allegedly showed his dangerous booty to his friends, Michael and Lori Fortier. Lori
testified at trial that McVeigh asked her to wrap up the blasting caps as Christmas
presents for the long ride back to Michigan.

A friend of Nichols and McVeigh, Kevin Nicholas, testified that he helped McVeigh
unload his car upon returning to Decker. "I was just grabbing stuff and just
throwing it in the back of my truck; and Tim said, "Don't handle them. I'll take care
of them two Christmas-wrapped packages there."[745]

Phone records also show that McVeigh called military surplus dealer Dave Paulsen
on December 17 from Kingman, and Nicholas testified that McVeigh drove to
Chicago to see Paulsen in late December to sell him the blasting caps.

On September 30, 1994, according to the FBI, McVeigh and Nichols, who used the
alias "Mike Havens," purchased forty 50-pound bags of ammonium nitrate at the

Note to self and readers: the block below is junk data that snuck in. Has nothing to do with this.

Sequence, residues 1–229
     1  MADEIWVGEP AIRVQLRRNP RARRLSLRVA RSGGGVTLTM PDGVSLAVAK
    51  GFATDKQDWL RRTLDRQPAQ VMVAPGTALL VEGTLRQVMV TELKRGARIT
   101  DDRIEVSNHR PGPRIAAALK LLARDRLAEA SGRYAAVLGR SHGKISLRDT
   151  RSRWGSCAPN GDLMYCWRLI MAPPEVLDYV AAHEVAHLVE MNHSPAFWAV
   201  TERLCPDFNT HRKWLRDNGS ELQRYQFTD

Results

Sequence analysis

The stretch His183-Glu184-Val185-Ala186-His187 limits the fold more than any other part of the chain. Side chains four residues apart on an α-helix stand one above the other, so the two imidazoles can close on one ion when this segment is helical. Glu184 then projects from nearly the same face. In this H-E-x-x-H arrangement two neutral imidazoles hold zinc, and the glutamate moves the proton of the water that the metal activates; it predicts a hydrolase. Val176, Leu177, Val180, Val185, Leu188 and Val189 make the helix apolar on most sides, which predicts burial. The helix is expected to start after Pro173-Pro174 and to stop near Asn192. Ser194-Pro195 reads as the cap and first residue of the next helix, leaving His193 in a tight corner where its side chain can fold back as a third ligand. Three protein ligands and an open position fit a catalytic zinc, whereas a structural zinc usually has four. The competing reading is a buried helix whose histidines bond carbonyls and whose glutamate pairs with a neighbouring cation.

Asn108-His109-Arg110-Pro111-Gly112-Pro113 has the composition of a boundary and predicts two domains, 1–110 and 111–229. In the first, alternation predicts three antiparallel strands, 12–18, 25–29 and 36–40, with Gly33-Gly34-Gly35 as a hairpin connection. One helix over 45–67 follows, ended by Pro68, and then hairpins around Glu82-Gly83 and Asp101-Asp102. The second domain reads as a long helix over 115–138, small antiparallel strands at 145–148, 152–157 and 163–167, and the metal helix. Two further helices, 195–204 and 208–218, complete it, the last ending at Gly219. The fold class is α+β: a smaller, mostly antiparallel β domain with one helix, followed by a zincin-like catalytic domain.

Mid-Kansas Co-Op in Manhattan, Kansas. Then, on October 17, after renting a room
in Salina under the name "Havens," Nichols rented storage locker No. 40 at Boots
U-Store-It in Council Grove, under the alias "Joe Kyle." On October 18, the dynamic
duo was back again at the Mid-Kansas Co-Op, stocking up on more fertilizer,
buying another forty 50-pound bags to be stored at the locker in Council Grove.

Nichols attorney, Michael Tigar, attempted to explain his client's use of aliases by
stating that Nichols wanted to hide his assets from Chase Manhattan bank, which
had won a large credit card lawsuit against him. This explanation does not explain
why Nichols used the alias while purchasing fertilizer.

Finally, there would be the ordinance found at Nichols' home and the farm of his